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An Interview with Author Larry Kilham

Retired engineer and entrepreneur Larry Kilham is the author of four science fiction novels, two memoirs, and four other nonfiction books with topics ranging from creativity and invention to artificial intelligence and digital media. Free Will Odyssey (2017) is Larry’s most recent fiction work. You’ll find him on his website and on his Amazon author page.

What is your elevator pitch for Free Will Odyssey?
Peter Tesla, a prodigious young inventor, develops an electronic device using artificial intelligence (AI) and virtual reality to enhance the user’s free will. A major application is drug detoxification. Peter’s star client is the U.S. president. Along the way, Peter is tried for the mysterious death of a girlfriend and struggles with the schemes of a secretive industrialist.

What sparked the initial story idea for the book?
The story idea evolved. I started out writing about free will, and as I followed my characters, they challenged me with the rest of the story ideas. I’m very curious, and as my characters’ predicaments suggested solutions, I researched these with Google and in my extensive library.

Share a little about your main character.
The story is told in the first person. The main character, a technology entrepreneur, is largely a composite of my father and me. We were both entrepreneurs who started small companies. Most of the other characters—lawyers, engineers, high-tech business moguls, etc.—come from my business experience.

What unique challenges did this work pose for you?
Learning about free will, mind enhancing electronics, and drugs. These are all difficult because there are no clear-cut truths. They are all areas of current research. Criminal court dialogue took a lot of effort. I Googled sample court dialogues developed for law students, and I submitted my drafts to lawyer friends.

What was the most rewarding aspect of writing Free Will Odyssey?
Stumbling into a potentially important new method of drug dependency treatment and, through the medium of a novel, publicizing it. I hope I can add to the chorus of writers who say that by various methods we can greatly improve the drug rehabilitation process.

How did the book come together?
The novel took about six months to write, a couple of months to edit with several editors including Larry Greenly (of SouthWest Writers), and two months to design the cover, prepare the manuscript in pdf, and submit to Kindle and CreateSpace. I designed the cover myself using a photo from Shutterstock. While that was going on, I also worked with a professional narrator to produce the audiobook.

Was there anything surprising you discovered while doing research for this book?
I was surprised by the vast range of differing opinions about what free will is and if it exists at all. Free will has always interested me philosophically. Dostoyevsky used it as a theme in Crime and Punishment, Saint Thomas Aquinas studied it, and popular psychology magazines have recently reviewed free will in terms of current problems like drug addiction.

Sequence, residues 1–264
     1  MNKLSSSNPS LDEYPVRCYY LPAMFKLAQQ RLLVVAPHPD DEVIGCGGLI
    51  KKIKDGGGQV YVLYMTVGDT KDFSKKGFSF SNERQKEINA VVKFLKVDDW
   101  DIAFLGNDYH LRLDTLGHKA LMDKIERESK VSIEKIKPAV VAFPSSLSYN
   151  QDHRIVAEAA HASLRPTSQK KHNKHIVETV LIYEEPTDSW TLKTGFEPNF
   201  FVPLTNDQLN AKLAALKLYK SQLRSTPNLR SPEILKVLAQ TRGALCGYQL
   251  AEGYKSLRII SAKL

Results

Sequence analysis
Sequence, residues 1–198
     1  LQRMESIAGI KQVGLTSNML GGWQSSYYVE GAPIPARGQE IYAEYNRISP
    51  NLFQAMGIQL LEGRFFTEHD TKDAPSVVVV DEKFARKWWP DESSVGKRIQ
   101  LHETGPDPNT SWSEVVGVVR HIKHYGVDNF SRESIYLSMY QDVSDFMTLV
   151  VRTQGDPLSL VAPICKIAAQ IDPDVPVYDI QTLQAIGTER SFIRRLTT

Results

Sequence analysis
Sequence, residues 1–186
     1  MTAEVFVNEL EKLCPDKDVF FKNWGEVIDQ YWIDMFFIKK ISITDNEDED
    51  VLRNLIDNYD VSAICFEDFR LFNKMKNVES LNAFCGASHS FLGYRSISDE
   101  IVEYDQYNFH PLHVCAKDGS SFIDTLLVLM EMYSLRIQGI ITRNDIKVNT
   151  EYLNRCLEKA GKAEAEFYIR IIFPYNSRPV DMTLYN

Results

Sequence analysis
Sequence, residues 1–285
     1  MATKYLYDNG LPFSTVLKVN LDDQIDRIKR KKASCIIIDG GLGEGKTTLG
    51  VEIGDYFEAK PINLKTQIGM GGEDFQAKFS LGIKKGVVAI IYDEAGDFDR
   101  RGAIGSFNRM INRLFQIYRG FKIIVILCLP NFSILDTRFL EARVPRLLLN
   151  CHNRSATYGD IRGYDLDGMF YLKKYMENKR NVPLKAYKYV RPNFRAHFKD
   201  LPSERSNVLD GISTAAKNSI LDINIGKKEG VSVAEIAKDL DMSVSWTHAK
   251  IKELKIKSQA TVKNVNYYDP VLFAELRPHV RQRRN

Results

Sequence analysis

The Juno TrilogyLove Byte (2013), A Viral Affair (2013), and Saving Juno (2014)—explores whether natural or artificial intelligence will dominate the future. What challenges did you experience in writing this series?
My biggest challenge was writing entirely for fiction readers. Generally, they are new to AI and often reticent about reading stories involving AI. Fortunately, when I was writing The Juno Trilogy, I joined a writing workshop in Santa Fe. We read our chapters to each other every week. The feedback was very helpful.

What first inspired you to become a writer?
I first thought about becoming a writer when, to my surprise, I was picked to be the features editor for my college newspaper. Thirty-five years later, I decided to try writing a book after I was encouraged by my writing instructor, author Joan Torres, at our local community college. The only writing I did before that was trade magazine articles which were, if I may say so, quite good. I didn’t write books earlier because I had to make a good living through a lot of adventurous business travel. Let’s face it, writing generally is a tough way to make a living, let alone prosper.

What writing project are you working on now?
My project for 2018 is to write about my father Peter Kilham who was a great designer, inventor, and visionary. Through a compelling sense of purpose and perfection, he invented bird feeders which brought millions of people happiness. I will share my conversations with him along the way. Everyone can draw inspiration from his story. The book will be something like Zen and the Art of Motorcycle Maintenance and Tuesdays with Morrie.

KLWagoner150_2KL Wagoner (writing as Cate Macabe) is the author of This New Mountain: a memoir of AJ Jackson, private investigator, repossessor, and grandmother. She has a new speculative fiction blog at and writes about memoir at

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